Reviews

The Watsons Go to Birmingham - 1963, by Christopher Paul Curtis

jjandherbooks's review against another edition

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4.0

TERRIFIC!

lala_books's review against another edition

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3.0

I nearly gave up on this book but I’m glad I read through to where they finally went to Birmingham.

kelseycarol's review against another edition

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5.0

I have vivid memories of reading this book in my fifth grade reading class, that was taught by my mother. I remembered very little about it other than the fact that I loved it and this still holds true reading it know as an adult. It is a brilliant book that does not shy away from introducing difficult discussions to young readers and should be commended for doing so. It is an excellent book for any reader old or young.

bucketheadmary's review against another edition

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4.0

I felt like Kenny was a real kid from a real family, with all the peculiarities that entails. His relationship with his older brother was particularly keen. I loved how well real history was incorporated into Kenny's experience while simultaneously hating that we have such history.

literallykaren's review against another edition

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4.0

I really like this book! I remembered almost nothing from when my class read it in 8th grade. I remember sort of feeling lost while we read it, but my memory is poor enough that I'm not sure if that's because of the book or if it's because I missed some of class or if it's because my teacher that year was constantly in and out of the hospital and who knows what the reading schedule was like. For some reason, at my library, we keep this in the children's section instead of the young adult section. I think this story would be better for teens or older. Not because it's inappropriate for children or because they can't comprehend it, but rather if a child is going to tackle this story, they need someone to read it alongside them who can explain to them the context of the story. For the most part, this is a sweet story about a loving family, but at one point towards the end of the book, the path of this family crosses the path of a horrible real life history event - the 16th street Baptist church bombing. The book doesn't explain much about it, but instead it focuses on the aftermath for this family and the child who witnessed it. By then, you're already so deeply involved in this family, that the historical context becomes very real and the fallout from that is felt deeply.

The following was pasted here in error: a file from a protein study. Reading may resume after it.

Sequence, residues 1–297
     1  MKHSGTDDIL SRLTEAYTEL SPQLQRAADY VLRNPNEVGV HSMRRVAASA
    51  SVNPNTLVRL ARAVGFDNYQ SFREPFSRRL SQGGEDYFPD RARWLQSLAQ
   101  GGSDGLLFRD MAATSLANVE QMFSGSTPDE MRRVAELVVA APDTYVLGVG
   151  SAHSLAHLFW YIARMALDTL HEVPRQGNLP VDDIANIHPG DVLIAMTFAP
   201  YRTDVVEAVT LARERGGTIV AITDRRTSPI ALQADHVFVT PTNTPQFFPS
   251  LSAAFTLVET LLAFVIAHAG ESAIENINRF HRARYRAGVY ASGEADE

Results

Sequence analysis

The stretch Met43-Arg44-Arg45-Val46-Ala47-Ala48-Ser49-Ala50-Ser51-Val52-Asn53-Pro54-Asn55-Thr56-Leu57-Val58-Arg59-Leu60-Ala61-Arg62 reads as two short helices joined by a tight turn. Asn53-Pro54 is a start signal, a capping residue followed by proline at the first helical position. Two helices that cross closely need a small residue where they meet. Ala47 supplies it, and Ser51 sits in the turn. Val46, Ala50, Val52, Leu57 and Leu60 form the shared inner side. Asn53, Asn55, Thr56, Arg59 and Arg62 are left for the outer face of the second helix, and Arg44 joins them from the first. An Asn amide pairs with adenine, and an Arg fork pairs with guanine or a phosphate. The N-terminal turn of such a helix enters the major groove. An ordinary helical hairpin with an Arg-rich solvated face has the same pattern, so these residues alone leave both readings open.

Lastly, I remember 20 years ago not understanding the Wool Pooh, and I have to say I don't get it any better today than I did then.

deniselynn's review

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emotional funny inspiring reflective sad slow-paced
  • Plot- or character-driven? Character
  • Strong character development? Yes
  • Loveable characters? Yes
  • Diverse cast of characters? Yes

4.5

gabieowleyes's review against another edition

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4.0

I read this is this in my 7th or 8th grade class and I remember loving it :)

Reread 2018

Once again, I found myself laughing while listening to this audiobook. I’m not sure if I’ll read this one to my 4th graders, but I’ll definitely keep it in my library.

inkstainedlife's review against another edition

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2.0

Told in a series of vignettes of Watson family life, I didn’t feel like this book really started hanging together until the second half. I didn’t care for the structure.

sayruh90's review

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adventurous challenging emotional funny hopeful informative inspiring lighthearted reflective medium-paced
  • Plot- or character-driven? A mix
  • Strong character development? Yes
  • Loveable characters? Yes
  • Diverse cast of characters? Yes
  • Flaws of characters a main focus? Yes

5.0

sradcliffe1's review against another edition

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4.0

3.75 stars- I used Youtube videos made by a teacher to listen to this book.

I enjoyed this book a lot, and I can definitely see the extreme appeal it would have for young readers. The Watson family is such a unique and interesting family. They have their disagreements, but they love each other unconditionally. They have a great mixture of tender and silly moments that make you wish they were a part of their family. Kenneth was an amusing and admirable narrator and someone I think lots of kids can relate to.

While I enjoyed the family and their antics, I wish we would have spent more time in Birmingham and that the reader was told more about what was happening in Birmingham at the time. That said, I thought the last few chapters, when Kenneth began to understand the hatred and racism in the South, were very powerful and well done.